Encoding a String – Solution

The task for this month’s Exercise is to write an encoding filter that follows a specific pattern: After the first character (or byte) is output as a 2-digit hex value, the remaining characters are output as the difference between the previous character and the current character. I’m sure this type of encoding has an official name, but it’s the holidays and I’m too lazy to look it up.

The encoder I created uses two int variables, current and previous. Variable current contains the current character read and previous contains the preceding character. This scheme is initialized with previous set equal to zero, so the first character read always retains its original value.

Like any filter, I use a loop with the getchar() function as a condition to read standard input. The value read is output as a 2-digit hex value, the difference between current and previous. Then previous is assigned the value of current, and the loop continues:


#include <stdio.h>

int main()
    int current,previous;

    /* process input */
    chb = 0;
    while( (current=getchar()) != EOF )
        printf("%02X",(unsigned char)(current-previous));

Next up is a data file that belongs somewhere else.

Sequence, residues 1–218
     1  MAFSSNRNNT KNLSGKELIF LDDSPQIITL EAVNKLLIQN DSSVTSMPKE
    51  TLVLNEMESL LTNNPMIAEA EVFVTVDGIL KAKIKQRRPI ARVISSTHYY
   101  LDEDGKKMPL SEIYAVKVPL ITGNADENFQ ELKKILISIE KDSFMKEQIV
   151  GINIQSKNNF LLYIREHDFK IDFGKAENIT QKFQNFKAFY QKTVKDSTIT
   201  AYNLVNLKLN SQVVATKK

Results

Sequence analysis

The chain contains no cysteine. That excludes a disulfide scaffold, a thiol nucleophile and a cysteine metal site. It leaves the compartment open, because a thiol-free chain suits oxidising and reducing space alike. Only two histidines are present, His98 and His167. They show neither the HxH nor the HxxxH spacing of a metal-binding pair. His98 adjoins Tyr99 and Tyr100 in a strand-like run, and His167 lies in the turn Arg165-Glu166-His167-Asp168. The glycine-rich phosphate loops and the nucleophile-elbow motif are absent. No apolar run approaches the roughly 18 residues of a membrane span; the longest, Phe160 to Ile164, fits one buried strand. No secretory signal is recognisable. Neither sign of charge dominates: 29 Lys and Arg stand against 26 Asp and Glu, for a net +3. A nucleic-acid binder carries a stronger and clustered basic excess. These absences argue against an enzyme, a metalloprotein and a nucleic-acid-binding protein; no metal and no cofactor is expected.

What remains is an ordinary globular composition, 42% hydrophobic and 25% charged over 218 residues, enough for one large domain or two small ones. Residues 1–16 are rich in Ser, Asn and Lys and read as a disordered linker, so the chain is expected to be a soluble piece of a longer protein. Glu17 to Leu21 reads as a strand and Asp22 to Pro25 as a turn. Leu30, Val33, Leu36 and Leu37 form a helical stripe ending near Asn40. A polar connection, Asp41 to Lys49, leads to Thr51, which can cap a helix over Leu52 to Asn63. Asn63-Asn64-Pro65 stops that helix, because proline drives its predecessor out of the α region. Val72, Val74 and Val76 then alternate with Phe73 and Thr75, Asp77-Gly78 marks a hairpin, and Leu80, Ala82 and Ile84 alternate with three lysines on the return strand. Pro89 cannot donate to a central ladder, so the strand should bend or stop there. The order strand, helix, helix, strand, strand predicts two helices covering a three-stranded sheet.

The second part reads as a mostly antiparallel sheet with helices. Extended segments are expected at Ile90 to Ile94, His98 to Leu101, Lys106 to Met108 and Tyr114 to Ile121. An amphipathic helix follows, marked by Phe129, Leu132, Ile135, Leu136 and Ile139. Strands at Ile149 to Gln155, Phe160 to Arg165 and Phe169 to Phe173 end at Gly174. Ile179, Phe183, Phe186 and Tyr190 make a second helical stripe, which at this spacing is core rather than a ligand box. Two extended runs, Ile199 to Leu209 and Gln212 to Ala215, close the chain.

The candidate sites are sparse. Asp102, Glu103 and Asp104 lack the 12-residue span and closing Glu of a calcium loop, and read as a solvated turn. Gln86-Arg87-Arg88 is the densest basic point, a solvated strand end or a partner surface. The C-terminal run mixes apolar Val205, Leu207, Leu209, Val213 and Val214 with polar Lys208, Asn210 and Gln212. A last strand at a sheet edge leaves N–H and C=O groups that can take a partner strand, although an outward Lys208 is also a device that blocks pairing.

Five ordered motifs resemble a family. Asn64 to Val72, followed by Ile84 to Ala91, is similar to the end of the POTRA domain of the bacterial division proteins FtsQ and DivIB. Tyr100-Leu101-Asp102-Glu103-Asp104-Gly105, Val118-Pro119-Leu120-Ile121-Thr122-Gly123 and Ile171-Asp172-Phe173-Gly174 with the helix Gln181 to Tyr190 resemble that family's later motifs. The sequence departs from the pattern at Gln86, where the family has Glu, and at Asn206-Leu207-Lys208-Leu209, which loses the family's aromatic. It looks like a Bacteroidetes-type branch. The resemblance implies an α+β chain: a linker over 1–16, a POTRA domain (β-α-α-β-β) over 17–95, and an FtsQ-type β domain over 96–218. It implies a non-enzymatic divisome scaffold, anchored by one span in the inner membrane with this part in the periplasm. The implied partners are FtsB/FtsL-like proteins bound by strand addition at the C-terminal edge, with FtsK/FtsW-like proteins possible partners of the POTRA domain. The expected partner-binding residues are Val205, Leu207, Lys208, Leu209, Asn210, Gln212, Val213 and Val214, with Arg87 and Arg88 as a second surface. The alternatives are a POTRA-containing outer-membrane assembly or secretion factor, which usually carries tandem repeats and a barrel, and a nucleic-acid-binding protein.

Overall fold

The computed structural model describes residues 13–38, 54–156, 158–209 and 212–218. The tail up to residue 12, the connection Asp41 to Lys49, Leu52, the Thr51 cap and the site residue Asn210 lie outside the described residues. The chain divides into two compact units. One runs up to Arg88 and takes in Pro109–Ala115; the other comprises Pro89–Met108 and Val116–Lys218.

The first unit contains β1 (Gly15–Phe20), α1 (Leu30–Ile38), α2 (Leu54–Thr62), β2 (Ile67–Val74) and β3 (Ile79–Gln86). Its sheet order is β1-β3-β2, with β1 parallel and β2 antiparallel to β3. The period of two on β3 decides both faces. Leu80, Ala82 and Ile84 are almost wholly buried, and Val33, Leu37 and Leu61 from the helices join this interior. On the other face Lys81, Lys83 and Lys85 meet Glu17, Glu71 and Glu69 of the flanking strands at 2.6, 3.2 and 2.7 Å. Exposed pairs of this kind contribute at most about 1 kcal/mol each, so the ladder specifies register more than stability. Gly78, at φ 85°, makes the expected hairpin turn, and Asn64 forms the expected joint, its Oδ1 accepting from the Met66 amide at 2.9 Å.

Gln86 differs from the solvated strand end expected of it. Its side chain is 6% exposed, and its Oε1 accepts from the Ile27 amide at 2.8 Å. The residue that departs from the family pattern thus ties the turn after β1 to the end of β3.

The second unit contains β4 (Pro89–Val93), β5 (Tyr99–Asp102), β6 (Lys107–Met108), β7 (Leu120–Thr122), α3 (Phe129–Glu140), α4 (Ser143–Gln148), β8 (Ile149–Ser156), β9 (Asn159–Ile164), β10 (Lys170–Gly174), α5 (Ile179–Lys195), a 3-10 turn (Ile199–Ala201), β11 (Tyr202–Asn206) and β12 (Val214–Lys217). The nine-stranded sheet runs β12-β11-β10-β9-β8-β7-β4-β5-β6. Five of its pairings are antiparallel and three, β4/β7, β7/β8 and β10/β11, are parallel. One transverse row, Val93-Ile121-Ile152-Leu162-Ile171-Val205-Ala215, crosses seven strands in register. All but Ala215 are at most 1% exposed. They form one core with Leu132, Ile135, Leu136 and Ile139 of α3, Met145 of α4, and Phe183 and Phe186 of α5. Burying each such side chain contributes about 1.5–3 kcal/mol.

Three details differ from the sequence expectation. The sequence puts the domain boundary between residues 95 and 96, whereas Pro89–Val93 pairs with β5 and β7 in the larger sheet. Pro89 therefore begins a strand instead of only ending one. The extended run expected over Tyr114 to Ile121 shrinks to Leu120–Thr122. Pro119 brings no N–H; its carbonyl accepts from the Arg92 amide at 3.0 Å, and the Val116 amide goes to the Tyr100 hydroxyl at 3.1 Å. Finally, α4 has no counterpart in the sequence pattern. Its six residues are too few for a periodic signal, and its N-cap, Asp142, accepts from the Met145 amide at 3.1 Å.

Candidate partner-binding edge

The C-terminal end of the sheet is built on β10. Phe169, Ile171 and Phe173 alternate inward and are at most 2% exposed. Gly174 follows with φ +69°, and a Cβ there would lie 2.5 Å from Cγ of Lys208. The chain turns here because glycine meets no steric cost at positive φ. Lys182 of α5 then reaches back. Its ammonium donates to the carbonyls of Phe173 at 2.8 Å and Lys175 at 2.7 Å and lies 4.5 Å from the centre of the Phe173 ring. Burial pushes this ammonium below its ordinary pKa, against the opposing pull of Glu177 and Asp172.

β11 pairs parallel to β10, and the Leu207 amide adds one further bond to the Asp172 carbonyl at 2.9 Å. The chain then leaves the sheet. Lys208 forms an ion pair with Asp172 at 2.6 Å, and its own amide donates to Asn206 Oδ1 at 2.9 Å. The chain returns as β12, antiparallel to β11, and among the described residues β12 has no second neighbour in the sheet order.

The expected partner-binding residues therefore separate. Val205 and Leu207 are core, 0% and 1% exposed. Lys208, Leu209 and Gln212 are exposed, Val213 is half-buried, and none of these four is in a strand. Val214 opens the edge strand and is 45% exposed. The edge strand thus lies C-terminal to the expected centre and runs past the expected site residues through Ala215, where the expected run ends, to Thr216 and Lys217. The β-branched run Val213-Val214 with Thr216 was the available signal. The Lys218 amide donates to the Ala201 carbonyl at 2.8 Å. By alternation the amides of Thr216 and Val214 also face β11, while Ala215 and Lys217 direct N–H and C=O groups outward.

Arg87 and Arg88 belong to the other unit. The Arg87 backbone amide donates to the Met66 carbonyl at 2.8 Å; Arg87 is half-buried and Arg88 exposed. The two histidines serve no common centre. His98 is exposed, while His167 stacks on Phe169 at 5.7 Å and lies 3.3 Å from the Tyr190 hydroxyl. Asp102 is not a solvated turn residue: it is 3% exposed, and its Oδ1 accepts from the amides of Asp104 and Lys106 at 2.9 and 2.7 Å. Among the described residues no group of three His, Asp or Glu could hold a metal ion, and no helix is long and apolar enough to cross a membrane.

previous = current;


Both variables current and previous are declared as integers. This data type is the value returned from the getchar() function. The reason is that the EOF is an integer value, not a character. This value is tested for in the while loop condition, which is how the loop terminates.

At Line 11, the printf() statement uses placeholder %02X to output a two-digit hexadecimal value, uppercase letters, with zero padded for single-digit output. This keeps the encoding consistent at two characters per byte.

The (unsigned char) cast ensures that the value output is only two digits long. Otherwise, for negative values the compiler pay prefix an integer with a few F digits.

At this point, you can play with the filter, but the data stays encrypted:

$ ./encode
What secrets are to be revealed?

I hope that your solution met with success. An easy way to test is to process two adjacent letters, up and down:

$ ./encode

The code for 'A' is 41. Up to 'B' is 01. Down to 'A' is FF, which is -1 in two-digit hex. The C9 is the newline.

The true usefulness of this encoding, and the test of your programming prowess, comes with writing the decoding filter. The decoding program is the topic of next month’s Exercise. You can start creating now or wait until New Year’s Day, which is what I’m going to do.

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